6. 6. Tip #1: We Never Track Hours <ul><li>I don’t care how many hours you worked. </li></ul><ul><ul><li>I care how much you got done. </li></ul></ul><ul><li>I *hope* they are working less than 40 hours. </li></ul><ul><ul><li>The “reward for crappy work” paradox </li></ul></ul><ul><li>Reinventing the Employee Agreement </li></ul><ul><ul><li>Quality & Quantity = Constants </li></ul></ul><ul><ul><li>Time = Variable </li></ul></ul>
  7. 7. Tip #2: Daily Builds, Reports, and Testing <ul><li>We have a new, working daily build. Every day </li></ul><ul><ul><li>Breaking that build is capital crime </li></ul></ul><ul><ul><li>Work not in build = Work not done </li></ul></ul><ul><ul><li>Our publishers get this build. Every day. </li></ul></ul><ul><li>Our staff submits a daily report. Every day. </li></ul><ul><ul><li>Failure to submit a report is a capital crime </li></ul></ul><ul><ul><li>Basecamp – Each week is a new message </li></ul></ul><ul><ul><li>Reports go to the whole team </li></ul></ul><ul><ul><li>Samples are non-optional </li></ul></ul><ul><li>Daily testing of the build. Every Day. </li></ul><ul><ul><li>2-3 times a week, online team testing </li></ul></ul><ul><ul><li>MSN, Skype, and ingame chat </li></ul></ul><ul><ul><li>Publishers welcome </li></ul></ul>
  8. 8. Tip #3: Full Time + Project Specialists <ul><li>Some work is best left inhouse </li></ul><ul><ul><li>Game programming </li></ul></ul><ul><ul><li>Prototyping art and effects </li></ul></ul><ul><ul><li>Project management </li></ul></ul><ul><li>Some work is best done by specialists </li></ul><ul><ul><li>Sound and Music </li></ul></ul><ul><ul><li>Bulk Art Assets </li></ul></ul><ul><ul><li>Middleware-friendly code </li></ul></ul><ul><ul><li>Concept Art </li></ul></ul><ul><li>Develop a network of outsource partners </li></ul><ul><li>Don’t outsource to find cheaper staff </li></ul><ul><ul><li>Outsource to have ‘easy-fire” staff </li></ul></ul>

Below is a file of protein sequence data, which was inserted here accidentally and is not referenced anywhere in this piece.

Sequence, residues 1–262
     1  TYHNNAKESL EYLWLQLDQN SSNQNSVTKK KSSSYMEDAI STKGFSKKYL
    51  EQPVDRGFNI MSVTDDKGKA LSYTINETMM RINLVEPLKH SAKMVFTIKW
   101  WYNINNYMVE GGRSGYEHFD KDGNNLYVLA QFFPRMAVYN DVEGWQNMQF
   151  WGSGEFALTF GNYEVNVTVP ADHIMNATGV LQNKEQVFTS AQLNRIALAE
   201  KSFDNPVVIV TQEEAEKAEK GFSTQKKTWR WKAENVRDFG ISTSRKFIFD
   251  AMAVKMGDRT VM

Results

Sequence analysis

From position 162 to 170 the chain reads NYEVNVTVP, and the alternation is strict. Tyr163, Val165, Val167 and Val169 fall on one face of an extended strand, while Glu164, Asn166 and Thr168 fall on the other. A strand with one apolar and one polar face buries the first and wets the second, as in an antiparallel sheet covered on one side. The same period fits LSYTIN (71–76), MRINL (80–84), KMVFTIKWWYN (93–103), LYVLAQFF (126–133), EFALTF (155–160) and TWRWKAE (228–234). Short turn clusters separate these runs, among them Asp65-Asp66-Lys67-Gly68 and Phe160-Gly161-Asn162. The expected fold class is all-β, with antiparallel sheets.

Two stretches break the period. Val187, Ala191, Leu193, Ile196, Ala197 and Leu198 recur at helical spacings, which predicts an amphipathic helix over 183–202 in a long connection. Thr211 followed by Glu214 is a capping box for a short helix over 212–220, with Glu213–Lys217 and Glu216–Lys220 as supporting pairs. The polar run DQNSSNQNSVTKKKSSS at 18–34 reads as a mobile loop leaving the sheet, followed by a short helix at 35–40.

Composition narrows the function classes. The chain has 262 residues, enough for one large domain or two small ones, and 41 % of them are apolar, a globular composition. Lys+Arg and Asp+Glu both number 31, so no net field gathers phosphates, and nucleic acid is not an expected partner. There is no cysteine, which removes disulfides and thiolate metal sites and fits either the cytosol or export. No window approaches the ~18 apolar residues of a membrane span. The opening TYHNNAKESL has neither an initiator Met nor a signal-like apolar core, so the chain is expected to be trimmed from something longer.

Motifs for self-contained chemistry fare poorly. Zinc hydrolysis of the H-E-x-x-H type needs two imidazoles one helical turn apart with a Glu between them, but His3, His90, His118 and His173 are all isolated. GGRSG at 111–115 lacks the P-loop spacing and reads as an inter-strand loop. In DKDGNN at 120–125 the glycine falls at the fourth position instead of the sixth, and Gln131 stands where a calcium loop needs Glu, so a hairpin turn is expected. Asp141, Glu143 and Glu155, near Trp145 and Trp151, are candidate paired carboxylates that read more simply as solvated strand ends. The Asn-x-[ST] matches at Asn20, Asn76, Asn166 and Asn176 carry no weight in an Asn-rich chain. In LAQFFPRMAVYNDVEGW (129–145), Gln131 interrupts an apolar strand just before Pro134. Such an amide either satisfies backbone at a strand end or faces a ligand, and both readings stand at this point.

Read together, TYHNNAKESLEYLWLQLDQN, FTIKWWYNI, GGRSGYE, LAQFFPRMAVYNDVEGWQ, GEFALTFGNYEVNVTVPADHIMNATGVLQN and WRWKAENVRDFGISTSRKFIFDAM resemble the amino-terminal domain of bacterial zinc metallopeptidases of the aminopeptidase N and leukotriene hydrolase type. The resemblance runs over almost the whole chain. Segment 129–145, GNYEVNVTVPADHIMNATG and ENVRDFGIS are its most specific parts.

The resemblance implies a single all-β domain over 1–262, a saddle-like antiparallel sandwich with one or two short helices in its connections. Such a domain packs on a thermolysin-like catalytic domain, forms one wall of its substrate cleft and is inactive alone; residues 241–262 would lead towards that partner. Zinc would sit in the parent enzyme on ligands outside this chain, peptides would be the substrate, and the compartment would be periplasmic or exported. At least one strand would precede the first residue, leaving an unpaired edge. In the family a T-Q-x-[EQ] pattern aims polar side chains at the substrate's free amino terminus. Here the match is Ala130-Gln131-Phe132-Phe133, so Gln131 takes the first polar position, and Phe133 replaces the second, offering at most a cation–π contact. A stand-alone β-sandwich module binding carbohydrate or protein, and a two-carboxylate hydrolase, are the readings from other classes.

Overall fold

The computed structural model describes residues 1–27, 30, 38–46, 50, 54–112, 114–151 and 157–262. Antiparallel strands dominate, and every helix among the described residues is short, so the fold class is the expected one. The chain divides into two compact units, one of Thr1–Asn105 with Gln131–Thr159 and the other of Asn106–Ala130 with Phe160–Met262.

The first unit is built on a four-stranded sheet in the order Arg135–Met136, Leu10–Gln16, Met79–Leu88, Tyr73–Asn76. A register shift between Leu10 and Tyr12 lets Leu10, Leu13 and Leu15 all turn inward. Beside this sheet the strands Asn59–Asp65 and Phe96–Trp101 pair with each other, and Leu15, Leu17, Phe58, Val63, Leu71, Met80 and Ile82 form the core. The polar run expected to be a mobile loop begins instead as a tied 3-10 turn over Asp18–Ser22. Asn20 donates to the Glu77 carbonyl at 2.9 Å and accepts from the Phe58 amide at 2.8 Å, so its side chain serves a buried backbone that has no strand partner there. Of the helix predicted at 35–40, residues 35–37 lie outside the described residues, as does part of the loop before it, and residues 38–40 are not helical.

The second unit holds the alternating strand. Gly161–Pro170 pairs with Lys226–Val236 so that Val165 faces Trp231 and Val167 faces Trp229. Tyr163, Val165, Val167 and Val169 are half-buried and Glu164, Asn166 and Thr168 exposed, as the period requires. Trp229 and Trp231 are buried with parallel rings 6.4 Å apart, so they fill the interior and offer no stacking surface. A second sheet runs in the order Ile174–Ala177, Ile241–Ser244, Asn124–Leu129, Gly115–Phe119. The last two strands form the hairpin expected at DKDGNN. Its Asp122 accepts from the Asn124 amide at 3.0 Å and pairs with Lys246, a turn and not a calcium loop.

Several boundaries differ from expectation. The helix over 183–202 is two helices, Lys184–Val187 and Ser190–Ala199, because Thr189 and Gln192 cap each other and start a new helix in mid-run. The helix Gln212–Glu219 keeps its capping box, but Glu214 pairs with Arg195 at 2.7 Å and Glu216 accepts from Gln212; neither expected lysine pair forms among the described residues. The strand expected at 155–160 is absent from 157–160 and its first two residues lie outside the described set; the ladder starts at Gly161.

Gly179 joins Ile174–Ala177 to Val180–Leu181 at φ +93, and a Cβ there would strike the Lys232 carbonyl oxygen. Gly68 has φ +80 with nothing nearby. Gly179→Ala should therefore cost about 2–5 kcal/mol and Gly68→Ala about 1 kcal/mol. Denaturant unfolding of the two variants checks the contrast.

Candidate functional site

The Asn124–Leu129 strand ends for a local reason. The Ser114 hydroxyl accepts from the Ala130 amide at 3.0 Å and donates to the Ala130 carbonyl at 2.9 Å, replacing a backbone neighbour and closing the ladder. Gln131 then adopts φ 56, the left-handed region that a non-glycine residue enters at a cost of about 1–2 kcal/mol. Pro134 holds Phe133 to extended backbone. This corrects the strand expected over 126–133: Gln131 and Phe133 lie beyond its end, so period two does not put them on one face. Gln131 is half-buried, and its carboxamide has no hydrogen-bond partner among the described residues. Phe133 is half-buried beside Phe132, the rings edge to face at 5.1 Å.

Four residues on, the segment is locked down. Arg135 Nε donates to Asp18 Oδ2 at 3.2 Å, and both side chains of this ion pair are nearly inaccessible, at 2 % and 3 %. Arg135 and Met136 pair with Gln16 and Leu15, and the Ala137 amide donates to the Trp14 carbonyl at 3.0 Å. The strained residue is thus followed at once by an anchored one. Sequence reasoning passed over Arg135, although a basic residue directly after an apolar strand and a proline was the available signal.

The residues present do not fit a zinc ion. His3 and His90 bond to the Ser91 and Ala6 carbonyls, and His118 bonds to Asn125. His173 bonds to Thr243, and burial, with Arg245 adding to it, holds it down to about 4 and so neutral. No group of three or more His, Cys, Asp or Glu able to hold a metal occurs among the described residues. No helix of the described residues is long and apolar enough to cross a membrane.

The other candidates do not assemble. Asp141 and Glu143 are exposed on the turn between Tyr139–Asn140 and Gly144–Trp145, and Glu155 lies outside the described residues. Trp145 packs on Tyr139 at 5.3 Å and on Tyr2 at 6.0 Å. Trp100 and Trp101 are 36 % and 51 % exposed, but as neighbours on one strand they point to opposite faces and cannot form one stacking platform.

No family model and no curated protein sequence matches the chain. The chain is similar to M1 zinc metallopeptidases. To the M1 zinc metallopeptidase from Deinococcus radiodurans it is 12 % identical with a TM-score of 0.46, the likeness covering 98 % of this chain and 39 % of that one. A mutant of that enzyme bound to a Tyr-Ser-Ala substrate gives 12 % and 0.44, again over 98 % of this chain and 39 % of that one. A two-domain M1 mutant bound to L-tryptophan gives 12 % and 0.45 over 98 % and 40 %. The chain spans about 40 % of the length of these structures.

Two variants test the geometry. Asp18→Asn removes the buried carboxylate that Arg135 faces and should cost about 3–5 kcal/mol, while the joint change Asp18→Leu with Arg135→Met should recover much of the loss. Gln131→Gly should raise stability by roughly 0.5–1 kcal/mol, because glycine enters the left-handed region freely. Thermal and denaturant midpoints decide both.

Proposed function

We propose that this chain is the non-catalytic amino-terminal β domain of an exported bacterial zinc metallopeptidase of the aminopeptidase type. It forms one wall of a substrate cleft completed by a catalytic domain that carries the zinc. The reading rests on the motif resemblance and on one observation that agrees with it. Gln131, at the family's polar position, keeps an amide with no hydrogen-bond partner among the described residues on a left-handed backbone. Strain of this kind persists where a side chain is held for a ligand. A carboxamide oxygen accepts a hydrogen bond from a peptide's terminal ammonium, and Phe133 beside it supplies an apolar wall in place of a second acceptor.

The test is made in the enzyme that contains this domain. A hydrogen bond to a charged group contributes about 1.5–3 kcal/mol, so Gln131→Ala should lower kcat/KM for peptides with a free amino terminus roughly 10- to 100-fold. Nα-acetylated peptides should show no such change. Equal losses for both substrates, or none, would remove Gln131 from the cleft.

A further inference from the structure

9. 9. Tip #4: Hire for Virtual Character <ul><li>Hire for demonstrated self-management </li></ul><ul><ul><li>Small studio experience </li></ul></ul><ul><ul><li>*completed* home projects – not just games! </li></ul></ul><ul><li>Interview and test for virtual work character </li></ul><ul><ul><li>Online interviews – interview like you work </li></ul></ul><ul><ul><li>Involve other staff in online interviews </li></ul></ul><ul><ul><li>Testing and Probation periods </li></ul></ul><ul><li>Some great people just can’t work like this </li></ul><ul><ul><li>Get used to letting them go. </li></ul></ul>
  10. 10. Tip #5: A “confederation” of teams <ul><li>“ How do you get everyone on the team to do *exactly* what you want?” </li></ul><ul><ul><li>I don’t. In fact, I prefer they don’t. </li></ul></ul><ul><li>Freedom + Power = Responsibility </li></ul><ul><ul><li>Also = Happy staff and worried managers </li></ul></ul><ul><li>Learn to accept good work you didn’t expect </li></ul><ul><ul><li>Now they can actually *exceed* my expectations </li></ul></ul><ul><ul><li>And now they are truly empowered </li></ul></ul><ul><li>Delegation is not just delegation of work </li></ul><ul><ul><li>It is the delegation of responsibility and power </li></ul></ul><ul><ul><li>It is also the delegation of the ability to fail </li></ul></ul><ul><li>“ Is this what I wanted” is not the question </li></ul><ul><ul><li>“ Is this something the customer would love” is. </li></ul></ul>